Starting A Vegetable Garden
The first step is choosing the vegetables you want to grow. Different varieties offer different characteristics such as size, cold tolerance or disease resistance.
Plants require regular maintenance. Watering new seeds and transplants daily is essential. Locate your vegetable garden near a water source. Dragging a hose all over the yard or having to go back and forth can be frustrating.
Corn is a beloved staple crop for many gardeners due to its sweet and juicy kernels. However, rats view what you see as a culinary delight and a sign of your gardening prowess as a golden opportunity for a hearty meal, as corn provides them with plenty of nutritional value, including protein. In fact, corn often features as a staple in many commercial rodent foods. Rats will feast on crops whether they are still on the stalk or stored in the barn for future use. The tall stalks of corn plants offer excellent cover, creating a hideaway that allows rats to go about their business relatively undisturbed. Rodents are also quite fond of pumpkins and squash, as their flesh is rich and nutritious.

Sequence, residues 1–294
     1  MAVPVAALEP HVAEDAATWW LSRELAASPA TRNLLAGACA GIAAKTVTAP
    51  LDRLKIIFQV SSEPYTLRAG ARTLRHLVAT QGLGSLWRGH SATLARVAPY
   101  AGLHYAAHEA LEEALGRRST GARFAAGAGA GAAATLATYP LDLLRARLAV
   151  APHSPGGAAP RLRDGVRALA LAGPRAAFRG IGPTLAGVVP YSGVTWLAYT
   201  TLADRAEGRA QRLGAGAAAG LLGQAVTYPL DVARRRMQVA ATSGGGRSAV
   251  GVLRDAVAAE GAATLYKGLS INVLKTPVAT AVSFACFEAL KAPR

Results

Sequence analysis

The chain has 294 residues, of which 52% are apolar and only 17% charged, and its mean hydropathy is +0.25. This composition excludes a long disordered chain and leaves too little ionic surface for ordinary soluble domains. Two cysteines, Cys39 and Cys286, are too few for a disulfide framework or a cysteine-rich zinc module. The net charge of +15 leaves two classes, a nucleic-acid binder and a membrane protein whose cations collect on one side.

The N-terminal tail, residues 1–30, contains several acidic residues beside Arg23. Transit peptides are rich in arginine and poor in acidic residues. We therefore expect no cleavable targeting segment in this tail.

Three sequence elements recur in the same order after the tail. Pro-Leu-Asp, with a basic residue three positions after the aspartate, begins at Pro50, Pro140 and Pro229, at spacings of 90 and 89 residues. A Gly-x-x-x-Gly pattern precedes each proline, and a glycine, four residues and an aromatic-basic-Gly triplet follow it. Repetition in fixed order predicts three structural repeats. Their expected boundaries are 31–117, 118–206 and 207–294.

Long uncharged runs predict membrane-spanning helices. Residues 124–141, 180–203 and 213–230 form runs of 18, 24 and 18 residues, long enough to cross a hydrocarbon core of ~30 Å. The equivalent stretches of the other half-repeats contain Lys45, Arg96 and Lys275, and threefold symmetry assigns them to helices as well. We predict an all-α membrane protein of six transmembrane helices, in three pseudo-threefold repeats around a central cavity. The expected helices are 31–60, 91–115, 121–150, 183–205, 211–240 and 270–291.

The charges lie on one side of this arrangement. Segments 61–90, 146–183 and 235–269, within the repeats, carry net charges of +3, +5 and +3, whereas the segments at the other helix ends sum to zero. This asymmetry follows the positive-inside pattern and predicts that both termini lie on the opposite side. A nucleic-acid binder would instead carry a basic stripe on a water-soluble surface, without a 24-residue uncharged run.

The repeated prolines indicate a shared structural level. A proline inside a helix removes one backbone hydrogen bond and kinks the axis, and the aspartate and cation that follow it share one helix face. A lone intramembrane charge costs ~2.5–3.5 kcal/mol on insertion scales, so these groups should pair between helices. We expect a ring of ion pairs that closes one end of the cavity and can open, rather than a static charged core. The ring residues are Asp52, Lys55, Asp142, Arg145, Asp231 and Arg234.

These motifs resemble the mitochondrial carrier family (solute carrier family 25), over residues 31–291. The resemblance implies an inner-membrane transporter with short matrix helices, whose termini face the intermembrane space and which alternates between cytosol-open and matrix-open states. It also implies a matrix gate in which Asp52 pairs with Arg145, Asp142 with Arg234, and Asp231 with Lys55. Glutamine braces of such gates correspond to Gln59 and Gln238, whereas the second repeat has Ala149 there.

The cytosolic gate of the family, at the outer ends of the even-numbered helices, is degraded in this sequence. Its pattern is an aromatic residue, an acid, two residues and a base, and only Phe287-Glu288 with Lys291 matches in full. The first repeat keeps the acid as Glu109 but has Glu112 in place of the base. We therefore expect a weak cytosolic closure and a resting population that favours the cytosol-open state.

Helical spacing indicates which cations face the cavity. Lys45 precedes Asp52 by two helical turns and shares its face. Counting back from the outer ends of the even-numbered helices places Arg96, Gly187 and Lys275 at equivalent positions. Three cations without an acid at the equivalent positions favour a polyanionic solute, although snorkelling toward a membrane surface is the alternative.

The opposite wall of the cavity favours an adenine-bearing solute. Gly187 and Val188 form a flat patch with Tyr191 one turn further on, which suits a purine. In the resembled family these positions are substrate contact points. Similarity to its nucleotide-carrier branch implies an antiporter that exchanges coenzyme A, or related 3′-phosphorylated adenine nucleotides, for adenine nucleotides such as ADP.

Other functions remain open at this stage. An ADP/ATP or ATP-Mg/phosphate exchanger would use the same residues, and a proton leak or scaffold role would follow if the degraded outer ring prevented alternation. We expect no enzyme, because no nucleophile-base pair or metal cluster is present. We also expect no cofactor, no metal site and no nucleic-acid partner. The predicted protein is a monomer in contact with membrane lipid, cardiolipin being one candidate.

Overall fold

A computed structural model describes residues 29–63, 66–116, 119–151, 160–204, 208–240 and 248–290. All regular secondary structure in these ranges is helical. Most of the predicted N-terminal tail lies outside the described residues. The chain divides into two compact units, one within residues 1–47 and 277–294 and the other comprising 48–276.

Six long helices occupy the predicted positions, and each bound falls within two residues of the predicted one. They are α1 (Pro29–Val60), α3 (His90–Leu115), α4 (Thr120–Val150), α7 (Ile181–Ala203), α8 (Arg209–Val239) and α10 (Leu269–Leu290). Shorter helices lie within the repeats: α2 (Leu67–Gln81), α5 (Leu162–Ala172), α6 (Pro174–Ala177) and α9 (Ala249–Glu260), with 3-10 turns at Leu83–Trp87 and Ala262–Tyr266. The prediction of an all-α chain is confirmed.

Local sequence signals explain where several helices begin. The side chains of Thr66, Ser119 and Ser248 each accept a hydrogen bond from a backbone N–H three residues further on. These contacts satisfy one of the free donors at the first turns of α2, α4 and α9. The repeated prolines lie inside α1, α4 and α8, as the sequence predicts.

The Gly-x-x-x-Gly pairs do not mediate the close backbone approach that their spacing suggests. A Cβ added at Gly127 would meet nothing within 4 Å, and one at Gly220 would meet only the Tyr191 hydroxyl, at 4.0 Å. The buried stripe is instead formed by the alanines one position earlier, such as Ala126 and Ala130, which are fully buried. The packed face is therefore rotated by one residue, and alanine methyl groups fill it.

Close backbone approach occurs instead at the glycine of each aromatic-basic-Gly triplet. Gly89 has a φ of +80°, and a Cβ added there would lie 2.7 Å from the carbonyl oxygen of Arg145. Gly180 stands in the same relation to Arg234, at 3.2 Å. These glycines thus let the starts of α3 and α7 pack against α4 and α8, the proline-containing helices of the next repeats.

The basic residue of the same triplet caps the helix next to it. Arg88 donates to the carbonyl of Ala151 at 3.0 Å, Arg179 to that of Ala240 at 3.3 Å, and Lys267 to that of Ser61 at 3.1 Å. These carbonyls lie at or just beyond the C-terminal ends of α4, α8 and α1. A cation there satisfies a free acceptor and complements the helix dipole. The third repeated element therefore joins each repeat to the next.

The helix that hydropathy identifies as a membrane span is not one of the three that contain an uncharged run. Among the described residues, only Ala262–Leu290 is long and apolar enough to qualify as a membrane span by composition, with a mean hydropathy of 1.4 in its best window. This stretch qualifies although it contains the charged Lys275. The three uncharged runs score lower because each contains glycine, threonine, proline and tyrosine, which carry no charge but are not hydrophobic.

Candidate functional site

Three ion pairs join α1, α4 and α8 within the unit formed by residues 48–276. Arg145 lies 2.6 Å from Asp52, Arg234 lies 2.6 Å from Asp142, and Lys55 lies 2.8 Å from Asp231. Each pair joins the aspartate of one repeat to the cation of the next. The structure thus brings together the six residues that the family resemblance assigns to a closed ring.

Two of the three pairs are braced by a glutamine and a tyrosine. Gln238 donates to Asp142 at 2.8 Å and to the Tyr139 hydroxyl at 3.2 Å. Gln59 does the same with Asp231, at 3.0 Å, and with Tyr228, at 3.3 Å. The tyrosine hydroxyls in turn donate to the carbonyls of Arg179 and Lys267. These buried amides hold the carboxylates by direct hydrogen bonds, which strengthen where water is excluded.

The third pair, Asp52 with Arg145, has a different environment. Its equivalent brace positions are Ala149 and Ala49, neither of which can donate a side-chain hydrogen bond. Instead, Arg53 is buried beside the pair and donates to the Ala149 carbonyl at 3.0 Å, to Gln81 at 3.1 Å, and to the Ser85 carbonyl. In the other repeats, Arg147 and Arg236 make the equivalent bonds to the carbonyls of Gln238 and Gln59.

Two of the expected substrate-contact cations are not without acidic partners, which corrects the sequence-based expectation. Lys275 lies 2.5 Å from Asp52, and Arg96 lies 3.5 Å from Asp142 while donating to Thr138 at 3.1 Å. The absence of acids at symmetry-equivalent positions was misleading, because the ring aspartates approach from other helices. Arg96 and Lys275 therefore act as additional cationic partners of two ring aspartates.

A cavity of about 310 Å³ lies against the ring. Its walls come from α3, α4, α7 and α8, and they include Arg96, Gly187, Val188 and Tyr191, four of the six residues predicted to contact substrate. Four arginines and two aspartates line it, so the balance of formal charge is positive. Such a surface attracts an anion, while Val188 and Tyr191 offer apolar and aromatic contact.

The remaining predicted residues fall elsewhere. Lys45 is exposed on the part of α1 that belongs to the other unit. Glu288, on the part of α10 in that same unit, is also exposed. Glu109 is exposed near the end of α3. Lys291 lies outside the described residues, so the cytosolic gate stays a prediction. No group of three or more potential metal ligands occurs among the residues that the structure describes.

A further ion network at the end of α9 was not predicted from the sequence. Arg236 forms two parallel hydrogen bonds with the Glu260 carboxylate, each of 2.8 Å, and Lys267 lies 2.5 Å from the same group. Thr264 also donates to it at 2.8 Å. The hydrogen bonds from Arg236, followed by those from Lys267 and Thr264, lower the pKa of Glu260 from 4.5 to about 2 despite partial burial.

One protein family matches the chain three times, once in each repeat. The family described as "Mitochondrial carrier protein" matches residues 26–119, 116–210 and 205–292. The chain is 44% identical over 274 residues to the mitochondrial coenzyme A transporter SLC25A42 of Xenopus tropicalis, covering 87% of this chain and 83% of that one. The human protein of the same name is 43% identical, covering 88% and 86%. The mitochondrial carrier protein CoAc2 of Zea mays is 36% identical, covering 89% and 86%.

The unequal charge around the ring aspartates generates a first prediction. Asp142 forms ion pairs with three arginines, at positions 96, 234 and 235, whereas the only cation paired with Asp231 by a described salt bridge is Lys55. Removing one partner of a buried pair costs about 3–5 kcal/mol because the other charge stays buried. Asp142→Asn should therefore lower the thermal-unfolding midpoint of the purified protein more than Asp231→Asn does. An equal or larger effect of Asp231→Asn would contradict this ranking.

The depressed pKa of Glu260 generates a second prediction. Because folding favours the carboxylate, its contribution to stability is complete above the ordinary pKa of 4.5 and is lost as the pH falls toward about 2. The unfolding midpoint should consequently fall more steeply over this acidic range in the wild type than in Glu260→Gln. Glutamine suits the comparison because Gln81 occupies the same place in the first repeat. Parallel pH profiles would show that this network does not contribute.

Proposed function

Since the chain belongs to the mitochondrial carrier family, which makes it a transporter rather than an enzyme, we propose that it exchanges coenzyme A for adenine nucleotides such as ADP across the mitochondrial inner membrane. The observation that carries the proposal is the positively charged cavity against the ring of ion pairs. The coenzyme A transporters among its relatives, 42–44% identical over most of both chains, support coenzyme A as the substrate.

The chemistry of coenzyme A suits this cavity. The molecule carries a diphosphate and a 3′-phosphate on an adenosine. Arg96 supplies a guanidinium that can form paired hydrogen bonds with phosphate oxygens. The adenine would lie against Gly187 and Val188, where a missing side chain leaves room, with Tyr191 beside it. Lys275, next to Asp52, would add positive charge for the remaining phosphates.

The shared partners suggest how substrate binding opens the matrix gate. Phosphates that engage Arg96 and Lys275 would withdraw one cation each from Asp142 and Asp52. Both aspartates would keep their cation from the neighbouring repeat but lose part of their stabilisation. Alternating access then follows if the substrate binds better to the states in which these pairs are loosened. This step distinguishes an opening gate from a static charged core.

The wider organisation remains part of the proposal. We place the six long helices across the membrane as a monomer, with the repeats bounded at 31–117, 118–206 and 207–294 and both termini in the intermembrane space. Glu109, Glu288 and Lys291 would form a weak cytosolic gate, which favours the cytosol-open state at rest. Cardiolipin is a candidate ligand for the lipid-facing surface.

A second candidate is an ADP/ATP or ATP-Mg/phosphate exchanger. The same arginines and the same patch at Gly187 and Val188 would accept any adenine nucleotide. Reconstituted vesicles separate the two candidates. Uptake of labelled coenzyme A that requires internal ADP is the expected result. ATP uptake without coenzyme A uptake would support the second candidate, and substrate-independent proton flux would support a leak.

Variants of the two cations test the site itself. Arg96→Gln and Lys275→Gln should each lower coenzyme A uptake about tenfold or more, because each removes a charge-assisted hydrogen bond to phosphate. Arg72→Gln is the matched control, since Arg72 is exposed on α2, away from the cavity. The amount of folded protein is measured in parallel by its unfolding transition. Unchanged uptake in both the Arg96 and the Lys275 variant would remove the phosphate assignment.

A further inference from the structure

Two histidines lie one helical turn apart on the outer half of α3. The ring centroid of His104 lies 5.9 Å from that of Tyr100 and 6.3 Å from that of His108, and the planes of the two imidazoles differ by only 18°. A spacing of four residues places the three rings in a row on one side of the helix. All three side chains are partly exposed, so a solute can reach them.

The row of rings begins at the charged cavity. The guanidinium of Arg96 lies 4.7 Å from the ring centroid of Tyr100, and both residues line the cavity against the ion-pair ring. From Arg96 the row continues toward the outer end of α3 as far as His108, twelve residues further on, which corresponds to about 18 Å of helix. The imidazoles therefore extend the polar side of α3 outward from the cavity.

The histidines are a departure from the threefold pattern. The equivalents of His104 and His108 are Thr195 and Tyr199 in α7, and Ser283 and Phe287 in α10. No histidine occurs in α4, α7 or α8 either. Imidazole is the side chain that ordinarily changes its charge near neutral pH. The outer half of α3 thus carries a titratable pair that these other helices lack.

When planting these seasonal favorites, it’s crucial to understand the risks of attracting rats. Rodents are persistent and troublesome once they’ve discovered the banquet that is your vegetable garden. To protect your hard work, you may need to employ various defensive strategies, such as eliminating gaps and other areas where they can take shelter, storing harvested produce in secure, rodent-proof containers like garbage cans, and putting up protective netting around vulnerable crops.